Fleets support use of EOBRs

Fleets support use of EOBRs

While the use of electric on-board computers (EOBRs) have yet to be mandated by the Dept. of Transportation, fleets that have adopted them have seen benefits in safety and fuel economy, trucking industry analysts said during a Truckload Carriers Assn. and FleetOwner webinar held yesterday

While the use of electric on-board computers (EOBRs) have yet to be mandated by the Dept. of Transportation, fleets that have adopted them have seen benefits in safety and fuel economy, trucking industry analysts said during a Truckload Carriers Assn. and FleetOwner webinar held yesterday.

Timothy Wiseman, an attorney with the firm of Scopelitis, Garvin, Light, Hanson, & Feary, said that the DOT prefers that all carriers use EOBRs as an alternative to paper logs. However, there is currently no mandate for their use, as a final rule sent in December 2008 was not signed into law before the Obama administration took office and put a freeze on all pending legislation.

Wiseman said nobody really knows whether the new DOT will implement the rule as-is or implement its own regulations for on-board computers. At a minimum, EOBRs must record engine use, road speed, miles driven, date and time of day.

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While the use of electric on-board computers (EOBRs) have yet to be mandated by the Dept. of Transportation, fleets that have adopted them have seen benefits in safety and fuel economy, trucking industry analysts said during a Truckload Carriers Assn. and FleetOwner webinar held yesterday.

Timothy Wiseman, an attorney with the firm of Scopelitis, Garvin, Light, Hanson, & Feary, said that the DOT prefers that all carriers use EOBRs as an alternative to paper logs. However, there is currently no mandate for their use, as a final rule sent in December 2008 was not signed into law before the Obama administration took office and put a freeze on all pending legislation.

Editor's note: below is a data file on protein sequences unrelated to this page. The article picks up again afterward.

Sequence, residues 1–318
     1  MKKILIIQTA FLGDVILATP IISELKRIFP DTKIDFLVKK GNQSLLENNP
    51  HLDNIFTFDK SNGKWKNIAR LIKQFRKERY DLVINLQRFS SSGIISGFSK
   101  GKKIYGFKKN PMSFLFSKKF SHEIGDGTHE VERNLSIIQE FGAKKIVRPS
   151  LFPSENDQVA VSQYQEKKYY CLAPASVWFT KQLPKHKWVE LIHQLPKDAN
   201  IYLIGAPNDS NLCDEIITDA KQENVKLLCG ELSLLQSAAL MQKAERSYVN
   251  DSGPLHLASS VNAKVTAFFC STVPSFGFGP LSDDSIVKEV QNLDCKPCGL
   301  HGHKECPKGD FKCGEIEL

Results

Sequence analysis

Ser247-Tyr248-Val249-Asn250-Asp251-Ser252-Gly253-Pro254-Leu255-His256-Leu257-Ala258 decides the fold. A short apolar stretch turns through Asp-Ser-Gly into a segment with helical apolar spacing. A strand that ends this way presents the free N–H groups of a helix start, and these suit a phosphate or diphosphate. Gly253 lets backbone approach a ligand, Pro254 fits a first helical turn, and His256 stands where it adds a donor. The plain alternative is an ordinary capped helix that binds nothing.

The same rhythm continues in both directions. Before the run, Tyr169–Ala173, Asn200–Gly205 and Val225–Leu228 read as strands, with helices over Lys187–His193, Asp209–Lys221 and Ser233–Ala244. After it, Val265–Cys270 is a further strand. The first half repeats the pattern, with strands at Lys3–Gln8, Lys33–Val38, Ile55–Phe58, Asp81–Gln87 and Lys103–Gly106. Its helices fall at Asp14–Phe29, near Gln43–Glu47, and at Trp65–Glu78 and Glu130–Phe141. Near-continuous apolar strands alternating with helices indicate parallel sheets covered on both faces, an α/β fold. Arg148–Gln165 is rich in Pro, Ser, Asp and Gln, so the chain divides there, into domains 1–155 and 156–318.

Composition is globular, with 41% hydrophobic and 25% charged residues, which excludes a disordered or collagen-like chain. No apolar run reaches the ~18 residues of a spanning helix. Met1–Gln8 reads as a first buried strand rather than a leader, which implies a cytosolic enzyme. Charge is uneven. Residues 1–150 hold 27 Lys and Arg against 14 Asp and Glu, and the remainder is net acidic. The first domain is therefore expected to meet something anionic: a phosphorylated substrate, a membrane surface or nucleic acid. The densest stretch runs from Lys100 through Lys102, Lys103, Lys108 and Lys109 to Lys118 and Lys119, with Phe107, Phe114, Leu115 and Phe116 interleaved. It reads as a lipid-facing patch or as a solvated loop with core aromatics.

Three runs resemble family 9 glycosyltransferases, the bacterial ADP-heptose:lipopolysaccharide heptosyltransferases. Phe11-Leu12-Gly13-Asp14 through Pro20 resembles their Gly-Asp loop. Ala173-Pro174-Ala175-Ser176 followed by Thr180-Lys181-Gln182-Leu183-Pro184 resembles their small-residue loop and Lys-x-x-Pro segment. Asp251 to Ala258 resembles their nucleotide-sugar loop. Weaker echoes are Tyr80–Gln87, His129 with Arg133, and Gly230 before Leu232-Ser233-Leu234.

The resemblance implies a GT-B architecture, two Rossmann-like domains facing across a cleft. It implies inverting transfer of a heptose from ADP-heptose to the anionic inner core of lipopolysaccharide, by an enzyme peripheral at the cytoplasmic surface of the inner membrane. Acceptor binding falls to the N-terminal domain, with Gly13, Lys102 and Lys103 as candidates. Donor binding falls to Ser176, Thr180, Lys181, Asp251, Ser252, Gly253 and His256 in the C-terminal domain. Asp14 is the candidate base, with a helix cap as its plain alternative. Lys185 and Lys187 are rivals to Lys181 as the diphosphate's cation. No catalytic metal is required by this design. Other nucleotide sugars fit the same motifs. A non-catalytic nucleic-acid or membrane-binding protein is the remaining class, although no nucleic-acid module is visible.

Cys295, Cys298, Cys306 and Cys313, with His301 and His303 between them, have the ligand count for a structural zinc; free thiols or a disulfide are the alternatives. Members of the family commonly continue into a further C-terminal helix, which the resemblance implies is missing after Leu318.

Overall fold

Wiseman said nobody really knows whether the new DOT will implement the rule as-is or implement its own regulations for on-board computers. At a minimum, EOBRs must record engine use, road speed, miles driven, date and time of day.

According to Mark Messier, national logistics & compliance manager for Panera Bread Co., EOBRs reduce errors because they keep driver logs automatically, require no paper, and can print a variety of reports to make audits easier. In addition, Panera can follow driver behavior, including rapid acceleration or deceleration, possible indicators that drivers are following too close or going too fast for conditions.

“On-board computers give managers the opportunity to review driver performance, instead of using more subjective methods to get data,” Messier said. “We want to make sure we’re being as safe as possible, and this system allows us to do that. It puts you in an increased safety hazard mode.”

Since installing EOBRs, Panera has reduced idling time from 50% to 3%, cut its fleet-wide speeding rate to below 1%, and reduced average route times by 10 to 12% against established route standards, Messier said. In total, the fleet reduced costs by 5.5% through a reduction in fuel consumption, idle time and out-of-route miles, he noted.

However, many fleets are worried about how to convince their drivers of the technology’s benefits. Ryan Cunnius, IT manager for Western Transportation/Sandford Oil, said that it only took about 30 minutes per driver to teach EOBR usage, and that the asset tracking benefits for both driver and manager made it worthwhile.

“We made sure that we communicated to our drivers to ensure that we weren’t doing this as a ‘Big Brother’ tactic, but to streamline our operations and for them to always know where they are,” Cunnius said. “It wasn’t very long before we had drivers that were used to it and they thought it was great.”

Wiseman also spoke on new legislation passed by the Federal Motor Carrier Safety Administration that will allow the agency to audit GPS data. He noted that the FMCSA concluded on Dec. 19th that GPS data is now permissible for audit in all cases, forcing carriers to hold onto automated data for six months.

“All advanced technology, including GPS, can be requested during a compliance review and used by the FMCSA to verify a motor carrier’s compliance with the hours of service regulations,” Wiseman said. “In fact, on Dec. 24, 2008, the FMCSA sent notice to all enforcement personnel that they should begin requesting GPS and other electronic records as supporting documents during any compliance review.”

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